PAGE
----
Dr. Angela Hanford
We are inundated with images of war, terrorism, murder, and rape and we see the impact that it has on individuals, families, and society. As you probably already realize, trauma is fairly common. In fact, in a survey conducted by the World Health Organization (WHO), 70.4% of those who responded to the survey reported trauma at some point in their lifetime (Kesseler, et al., 2017).With the trauma that is so evident throughout the world, the term Post Traumatic Stress Disorder (PTSD) is most likely familiar. However, not everyone who experiences trauma develops PTSD.
It has been estimated that 3.5% of adults in the United States are diagnosed with PTSD in a given year, with higher rates occurring in professions that have a higher risk of exposure to trauma (e.g., military or police officer) (APA, 2013).
What is Post Traumatic Stress Disorder?
Post Traumatic Stress Disorder, or PTSD, is defined in the Diagnostic and Statistical Manual of Mental Disorders, 5th Edition (American Psychiatric Association, 2013). PTSD may develop after someone has either experienced or was threatened with an injury that is serious (including death) or sexual trauma.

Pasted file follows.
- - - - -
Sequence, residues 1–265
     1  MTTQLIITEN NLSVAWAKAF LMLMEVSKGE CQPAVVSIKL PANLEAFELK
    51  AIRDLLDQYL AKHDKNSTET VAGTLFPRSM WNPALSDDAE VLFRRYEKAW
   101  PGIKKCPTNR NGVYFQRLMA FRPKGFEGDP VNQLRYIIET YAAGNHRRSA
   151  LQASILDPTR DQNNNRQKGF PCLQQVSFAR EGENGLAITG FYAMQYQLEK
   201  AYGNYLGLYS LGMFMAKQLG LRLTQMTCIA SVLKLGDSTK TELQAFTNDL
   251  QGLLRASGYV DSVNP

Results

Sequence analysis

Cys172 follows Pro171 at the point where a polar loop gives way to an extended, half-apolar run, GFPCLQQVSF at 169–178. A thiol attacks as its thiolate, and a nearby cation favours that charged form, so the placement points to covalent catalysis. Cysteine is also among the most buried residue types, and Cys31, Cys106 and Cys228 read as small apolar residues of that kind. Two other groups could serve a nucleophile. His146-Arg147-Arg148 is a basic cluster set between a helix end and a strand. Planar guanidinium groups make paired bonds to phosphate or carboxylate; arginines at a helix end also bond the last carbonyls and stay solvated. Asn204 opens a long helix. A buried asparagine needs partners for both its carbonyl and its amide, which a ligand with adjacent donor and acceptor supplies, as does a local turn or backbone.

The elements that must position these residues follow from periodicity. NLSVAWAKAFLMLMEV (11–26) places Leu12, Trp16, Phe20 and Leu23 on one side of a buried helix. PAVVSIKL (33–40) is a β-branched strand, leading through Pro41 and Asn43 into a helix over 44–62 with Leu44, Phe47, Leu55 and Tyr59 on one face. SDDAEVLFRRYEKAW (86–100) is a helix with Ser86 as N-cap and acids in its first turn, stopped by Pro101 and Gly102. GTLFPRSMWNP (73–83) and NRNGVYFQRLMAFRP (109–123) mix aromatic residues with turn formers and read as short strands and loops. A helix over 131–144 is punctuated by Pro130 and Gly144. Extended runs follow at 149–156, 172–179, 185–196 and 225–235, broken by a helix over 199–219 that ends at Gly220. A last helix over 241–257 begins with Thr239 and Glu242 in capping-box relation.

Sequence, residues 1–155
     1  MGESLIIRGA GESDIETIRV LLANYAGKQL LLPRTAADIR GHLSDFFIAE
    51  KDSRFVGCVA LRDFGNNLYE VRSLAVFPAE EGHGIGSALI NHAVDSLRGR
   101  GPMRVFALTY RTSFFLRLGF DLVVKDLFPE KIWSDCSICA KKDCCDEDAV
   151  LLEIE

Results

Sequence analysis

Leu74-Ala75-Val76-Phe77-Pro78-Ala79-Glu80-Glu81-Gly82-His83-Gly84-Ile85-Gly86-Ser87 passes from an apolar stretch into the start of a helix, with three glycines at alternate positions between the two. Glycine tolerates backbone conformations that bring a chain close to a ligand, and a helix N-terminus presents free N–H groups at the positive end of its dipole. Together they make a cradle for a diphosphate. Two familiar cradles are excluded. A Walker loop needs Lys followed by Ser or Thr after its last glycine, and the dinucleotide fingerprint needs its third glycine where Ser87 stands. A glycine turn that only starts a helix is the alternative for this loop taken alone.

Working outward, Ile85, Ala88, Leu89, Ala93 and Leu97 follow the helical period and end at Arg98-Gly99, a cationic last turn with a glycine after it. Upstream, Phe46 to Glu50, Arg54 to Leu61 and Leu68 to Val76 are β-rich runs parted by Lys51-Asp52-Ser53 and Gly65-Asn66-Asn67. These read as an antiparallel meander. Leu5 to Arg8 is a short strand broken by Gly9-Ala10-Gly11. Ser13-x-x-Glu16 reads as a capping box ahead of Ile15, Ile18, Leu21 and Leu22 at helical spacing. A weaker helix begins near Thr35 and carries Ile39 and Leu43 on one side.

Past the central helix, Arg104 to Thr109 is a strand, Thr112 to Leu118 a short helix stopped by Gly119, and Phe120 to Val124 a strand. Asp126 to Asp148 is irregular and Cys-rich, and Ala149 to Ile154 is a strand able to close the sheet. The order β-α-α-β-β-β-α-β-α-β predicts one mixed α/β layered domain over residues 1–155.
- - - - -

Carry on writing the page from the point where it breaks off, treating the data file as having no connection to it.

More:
These events can be either: experienced, witnessed, learning of someone who is close to you experiencing trauma (e.g., family member), or having repeated exposure to details of traumatic events (e.g., first responders). For PTSD to be diagnosed when the trauma is experienced through repeated exposure to the event, this must not simply be through television or other forms of media unless it is in the function of your job.